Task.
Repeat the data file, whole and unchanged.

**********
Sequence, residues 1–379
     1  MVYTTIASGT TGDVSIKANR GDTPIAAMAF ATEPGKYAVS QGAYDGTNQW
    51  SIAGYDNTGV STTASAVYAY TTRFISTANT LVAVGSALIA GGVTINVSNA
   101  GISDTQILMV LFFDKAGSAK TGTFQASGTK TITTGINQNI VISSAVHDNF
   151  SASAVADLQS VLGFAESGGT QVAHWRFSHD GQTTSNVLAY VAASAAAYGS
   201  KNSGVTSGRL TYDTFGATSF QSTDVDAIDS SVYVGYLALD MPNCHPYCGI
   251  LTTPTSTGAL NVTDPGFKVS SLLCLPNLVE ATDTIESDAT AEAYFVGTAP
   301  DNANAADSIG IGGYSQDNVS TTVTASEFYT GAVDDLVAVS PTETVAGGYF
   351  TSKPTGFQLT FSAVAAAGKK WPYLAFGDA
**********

Sequence, residues 1–379
     1  MVYTTIASGT TGDVSIKANR GDTPIAAMAF ATEPGKYAVS QGAYDGTNQW
    51  SIAGYDNTGV STTASAVYAY TTRFISTANT LVAVGSALIA GGVTINVSNA
   101  GISDTQILMV LFFDKAGSAK TGTFQASGTK TITTGINQNI VISSAVHDNF
   151  SASAVADLQS VLGFAESGGT QVAHWRFSHD GQTTSNVLAY VAASAAAYGS
   201  KNSGVTSGRL TYDTFGATSF QSTDVDAIDS SVYVGYLALD MPNCHPYCGI
   251  LTTPTSTGAL NVTDPGFKVS SLLCLPNLVE ATDTIESDAT AEAYFVGTAP
   301  DNANAADSIG IGGYSQDNVS TTVTASEFYT GAVDDLVAVS PTETVAGGYF
   351  TSKPTGFQLT FSAVAAAGKK WPYLAFGDA